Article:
Tuesday, December 9, 2014

Preparing for the Lord

During Advent, Scriptures speak about new beginnings.

In the Gospel according to Mark, John the Baptizer appeared in the wilderness proclaiming repentance:  prepare the way for the Lord.  That is the mission.  That’s what Advent is all about: preparing for Christ by reorienting our lives.


Three biblical personalities -- Isaiah, John the Baptizer, and the Virgin Mary -- in their experience of God delivered a special message.


Isaiah spoke about a future Messiah, a liberator, a redeemer, a savior for us.


John the Baptizer pointed to Jesus as the Lamb of God.  The lamb of course references the Hebrew Passover meal, the Seder that Jews celebrate to this very day.  Jesus is the Lamb who through his own bloody death and glorious resurrection creates a future for us, transforming ourselves into a new heavenly reality.  


And the Virgin Mary is the living temple of God, the ark of the Hebrew covenant, because she carried within herself the presence of God.


Joseph and Child
The Word of God also references a fourth biblical personality—Joseph—who appears ever so briefly in Advent, Joseph who had a dream in which the angel said: “do not be afraid to take Mary as your wife. “


As I thought about Joseph’s dream, I wondered what couples dream for their child.   


The first dreams are usually for a safe birth, a healthy child.  And then parents may dream that their son or daughter will excel in sports, master the sciences, distinguish themselves in the arts, music or literature.  


But along the way, dreams may change very quickly.   


Where they once dreamt about the Nobel Prize, Mom and Dad may now settle for their child passing courses in biology or math or literature.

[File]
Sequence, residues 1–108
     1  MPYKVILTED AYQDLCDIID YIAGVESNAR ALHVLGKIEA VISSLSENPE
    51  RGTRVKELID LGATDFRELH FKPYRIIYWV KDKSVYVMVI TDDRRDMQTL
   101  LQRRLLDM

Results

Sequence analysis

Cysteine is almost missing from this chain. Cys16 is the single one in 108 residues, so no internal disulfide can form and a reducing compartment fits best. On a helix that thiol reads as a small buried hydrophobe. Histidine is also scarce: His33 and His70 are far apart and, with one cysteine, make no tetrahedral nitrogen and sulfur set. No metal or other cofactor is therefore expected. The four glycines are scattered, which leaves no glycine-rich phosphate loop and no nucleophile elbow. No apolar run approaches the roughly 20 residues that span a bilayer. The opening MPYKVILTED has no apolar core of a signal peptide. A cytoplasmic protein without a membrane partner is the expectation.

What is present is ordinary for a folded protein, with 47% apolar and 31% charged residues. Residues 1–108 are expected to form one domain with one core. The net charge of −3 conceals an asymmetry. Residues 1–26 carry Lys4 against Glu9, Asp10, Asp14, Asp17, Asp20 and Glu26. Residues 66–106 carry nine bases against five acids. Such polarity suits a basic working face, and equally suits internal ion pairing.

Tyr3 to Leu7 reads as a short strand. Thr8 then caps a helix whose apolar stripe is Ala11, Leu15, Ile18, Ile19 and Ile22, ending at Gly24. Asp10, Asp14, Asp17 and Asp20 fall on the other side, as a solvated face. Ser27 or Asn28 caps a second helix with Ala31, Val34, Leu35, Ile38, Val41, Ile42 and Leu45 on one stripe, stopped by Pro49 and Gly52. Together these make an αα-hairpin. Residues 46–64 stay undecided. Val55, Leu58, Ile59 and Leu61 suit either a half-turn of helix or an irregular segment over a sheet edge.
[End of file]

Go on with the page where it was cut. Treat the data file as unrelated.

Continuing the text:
Their dream of a World Series baseball champion may be forgotten when they wait and hope that their child will recover from an illness or an auto accident.   


Their dream of a Bill Gates-like genius may all but disappear when they pray that their child will cope with an addiction of one kind or another.


I think of the dreams of so many people.   Sometimes disappointments, so-called “bad luck” or tragedy may even change our own dreams.   


But as Joseph learned from his dreams, the most important things we can dream for our loved ones are these:


that they always will know that we love them dearly,
that we accept them unconditionally for who they are,
that we are always ready to forgive them their so-called “peccadilloes”
(as I hope they are ready to forgive ours),
and that we are always praying that God will grace them with his gifts..


Like Joseph, let us pray for the grace to see God’s presence in all things, especially ordinary things; to do things as best we can; to accept people as a gift from God even if they’re not quite the gift we hoped for; and to be a source of affirmation and support.      

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